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Pocket History of Theology (The Ivp Pocket Reference) Paperback – November 6, 2005
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"This may be the most important book in the series for Christians to read and study. . . . [The authors] have written in such a practical manner, highlighting the major developments down through church history, that there is no excuse for Christians not taking the time to read and understand what they profess to believe when they confess their faith using creeds and confessions of our history." (Equip for Ministry, March/April 2006)
About the Author
Roger E. Olson (PhD, Rice University) is professor of theology at George W. Truett Theological Seminary of Baylor University in Waco, Texas. He is the author of The Story of Christian Theology: Twenty Centuries of Tradition & Reform, The Mosaic of Christian Belief: Twenty Centuries of Unity & Diversityand The Westminster Handbook to Evangelical Theology. He is also coauthor of 20th-Century Theology: God & the World in a Transitional Age and Who Needs Theology? An Invitation to the Study of God (both with Stanley J. Grenz), and of The Trinity (with Christopher A. Hall).
Adam C. English (Ph.D., Baylor University) is an associate professor in the department of religion and philosophy at Campbell University in Buies Creek, North Carolina. He has published articles and book reviews in Christian Ethics Today, Perspectives in Religious Studies and the Journal of Church and State. English is an ordained minister in the Baptist tradition and the author of The Possibility of Christian Philosophy (Rutledge, 2007).
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Definitely a good investment of time and money for freshmen theologians!
If there had been no subsequent conflict and contention over what Jesus had done and who he was, we would have had no theology about which Olson and English could tell a story. Some of the initial challenges were from without--from Jewish and Pagan writers (p. 11; compare p. 25). But other challenges came from within the church and hence from competing understandings of the founding stories and their meaning. In telling this compelling story, the authors seem to grant that the earliest Christians believed in theosis (divinization or deification). "Salvation[,] in such a view, is not merely a one-time decision but a lifelong journey toward godliness. As 2 Peter 1:3-4 [NRSV] indicates, the life of godliness means that we 'become participants of the divine nature'" (p. 12 n. 3).
Many similar statements that will resonate with Latter-day Saints will challenge contemporary conservative Christian theology. For example, The Shepherd of Hermas, which "contains a series of visions and their explanations given by an angel to Hermas himself" (p. 14), indicates that
God's mercy is narrowly limited. God will forgive, but not endlessly. Furthermore, forgiveness is conditioned on keeping the commandments. The Shepherd tells Hermas that "there will be forgiveness for your previous sins if you keep my commandments; in fact, there will be forgiveness for everyone, if they keep my commandments and walk in this purity." (p. 14)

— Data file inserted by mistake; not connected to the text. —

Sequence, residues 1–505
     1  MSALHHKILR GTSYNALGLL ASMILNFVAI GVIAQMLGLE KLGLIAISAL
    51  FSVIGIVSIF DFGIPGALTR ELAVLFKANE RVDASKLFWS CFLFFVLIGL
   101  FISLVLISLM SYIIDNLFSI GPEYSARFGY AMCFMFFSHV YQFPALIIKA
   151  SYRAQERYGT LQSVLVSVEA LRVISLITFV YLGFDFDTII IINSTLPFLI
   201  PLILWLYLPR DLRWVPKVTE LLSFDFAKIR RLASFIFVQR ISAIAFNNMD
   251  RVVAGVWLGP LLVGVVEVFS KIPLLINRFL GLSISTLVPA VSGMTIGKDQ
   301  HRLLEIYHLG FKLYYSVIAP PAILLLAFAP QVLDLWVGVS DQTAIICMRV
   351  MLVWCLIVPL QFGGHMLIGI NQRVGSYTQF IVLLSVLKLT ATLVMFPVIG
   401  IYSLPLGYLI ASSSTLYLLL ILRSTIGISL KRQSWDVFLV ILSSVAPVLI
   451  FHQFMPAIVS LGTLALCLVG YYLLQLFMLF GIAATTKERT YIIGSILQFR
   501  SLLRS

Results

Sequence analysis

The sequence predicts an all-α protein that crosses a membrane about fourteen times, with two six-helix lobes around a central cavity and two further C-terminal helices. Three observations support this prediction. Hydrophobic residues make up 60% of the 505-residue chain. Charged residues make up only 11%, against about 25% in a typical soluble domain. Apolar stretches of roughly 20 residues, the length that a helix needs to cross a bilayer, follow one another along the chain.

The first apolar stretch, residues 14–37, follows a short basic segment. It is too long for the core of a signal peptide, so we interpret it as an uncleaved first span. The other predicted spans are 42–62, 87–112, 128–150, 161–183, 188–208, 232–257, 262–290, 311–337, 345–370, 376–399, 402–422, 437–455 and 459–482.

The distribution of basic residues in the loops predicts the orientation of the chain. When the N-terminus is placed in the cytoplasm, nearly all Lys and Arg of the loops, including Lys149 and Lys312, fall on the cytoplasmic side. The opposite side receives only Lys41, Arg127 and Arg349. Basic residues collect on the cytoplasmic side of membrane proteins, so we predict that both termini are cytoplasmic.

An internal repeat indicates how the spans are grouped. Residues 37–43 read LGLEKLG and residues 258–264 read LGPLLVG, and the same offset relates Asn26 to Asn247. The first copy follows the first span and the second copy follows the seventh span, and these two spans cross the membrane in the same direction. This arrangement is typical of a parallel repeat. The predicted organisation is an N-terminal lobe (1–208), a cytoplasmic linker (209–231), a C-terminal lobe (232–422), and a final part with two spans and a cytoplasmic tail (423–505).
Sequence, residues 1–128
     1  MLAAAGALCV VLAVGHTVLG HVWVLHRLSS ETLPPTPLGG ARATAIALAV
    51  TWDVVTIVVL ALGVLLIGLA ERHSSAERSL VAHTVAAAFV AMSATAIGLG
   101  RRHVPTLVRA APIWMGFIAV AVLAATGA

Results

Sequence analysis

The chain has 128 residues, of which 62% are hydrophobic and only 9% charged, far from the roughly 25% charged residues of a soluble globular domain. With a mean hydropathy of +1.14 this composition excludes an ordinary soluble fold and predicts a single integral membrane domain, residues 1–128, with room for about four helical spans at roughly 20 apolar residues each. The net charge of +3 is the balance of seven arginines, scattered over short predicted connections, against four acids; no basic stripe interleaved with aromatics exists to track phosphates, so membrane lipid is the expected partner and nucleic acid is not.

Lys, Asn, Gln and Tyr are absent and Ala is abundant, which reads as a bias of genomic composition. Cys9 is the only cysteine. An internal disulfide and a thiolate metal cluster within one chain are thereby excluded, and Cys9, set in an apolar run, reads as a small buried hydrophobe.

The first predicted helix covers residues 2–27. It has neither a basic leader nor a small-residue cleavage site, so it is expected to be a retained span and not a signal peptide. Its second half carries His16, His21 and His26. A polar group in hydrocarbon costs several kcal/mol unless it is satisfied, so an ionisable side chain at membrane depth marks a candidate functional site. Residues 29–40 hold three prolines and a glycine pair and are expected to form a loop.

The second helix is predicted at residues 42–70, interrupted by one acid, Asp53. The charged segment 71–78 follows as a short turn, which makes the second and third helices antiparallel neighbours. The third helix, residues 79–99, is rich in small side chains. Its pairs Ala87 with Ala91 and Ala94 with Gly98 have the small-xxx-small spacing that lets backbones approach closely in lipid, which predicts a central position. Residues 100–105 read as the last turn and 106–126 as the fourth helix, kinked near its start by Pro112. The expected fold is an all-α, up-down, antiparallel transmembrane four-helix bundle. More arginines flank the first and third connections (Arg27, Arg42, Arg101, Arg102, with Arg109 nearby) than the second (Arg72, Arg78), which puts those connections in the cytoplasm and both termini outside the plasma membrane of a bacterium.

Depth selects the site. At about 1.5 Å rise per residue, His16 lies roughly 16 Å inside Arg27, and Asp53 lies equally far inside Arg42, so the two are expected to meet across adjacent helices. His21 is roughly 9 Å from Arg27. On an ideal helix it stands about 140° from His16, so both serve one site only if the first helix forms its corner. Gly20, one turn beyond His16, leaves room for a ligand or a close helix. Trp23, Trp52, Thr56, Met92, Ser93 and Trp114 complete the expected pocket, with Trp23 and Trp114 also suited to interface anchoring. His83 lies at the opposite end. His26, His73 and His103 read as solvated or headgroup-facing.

"This summary of the gospel," we are told, "not only speaks for Hermas but also summarizes nicely the overall sentiment of the apostolic fathers. While all mention God's mercy in response to true repentance and occasionally express the necessity of God's grace through the cross of Christ, the apostolic fathers seem more concerned with promoting Christian virtue and obedience by instilling fear of judgment for moral failure" (pp. 14-15).
Olson and English grant that the later "apologists defended Christian faith by using Greek (or Hellenistic) philosophy to meet their critics on their own terms" (p. 15; compare p. 17 on the apologists' use of "non-Christian philosophy"). "The relationship between philosophy and Christian theology has been a major point of controversy within Christian thought" (p. 19), according to these authors. This remark introduces the stance on this issue taken by Tertullian (AD 150-212), who strongly "advised Christians to avoid rationalizing Christian beliefs with Greek philosophical categories" (p. 21). Tertullian radically contrasted what he called the wisdom of Athens (the Platonic Academy) with the wisdom of Jerusalem (the words and deeds of Jesus and the teachings of his apostles). Yet even Tertullian was eager to engage in what he warned about when he tried to blunt the modalist (or Sabellian) heresy by inventing the Trinity, defined by Olson and English in these terms: "the God Christians believe in is one substance and three persons (una substantia, tres personae)" (p. 22, emphasis in original).
Like other early Christian apologists, Origen (ca. AD 185-254) loved speculation and tried to fashion a synthesis of Greek wisdom with the biblical message (pp. 22-23). He also introduced the so-called allegorical interpretation of the scriptures in an effort to clear the way for what has come to be called classical theism. In this kind of theological schema, "God is 'simple substance' without body, parts or passions" (pp. 24-25), and hence "is Spirit and Mind, simple (uncompounded), incorporeal, immutable and incomprehensible" (p. 24), and so forth. All this, according to Olson and English, was "strengthened . . . through the use of Platonic philosophy" (p. 25).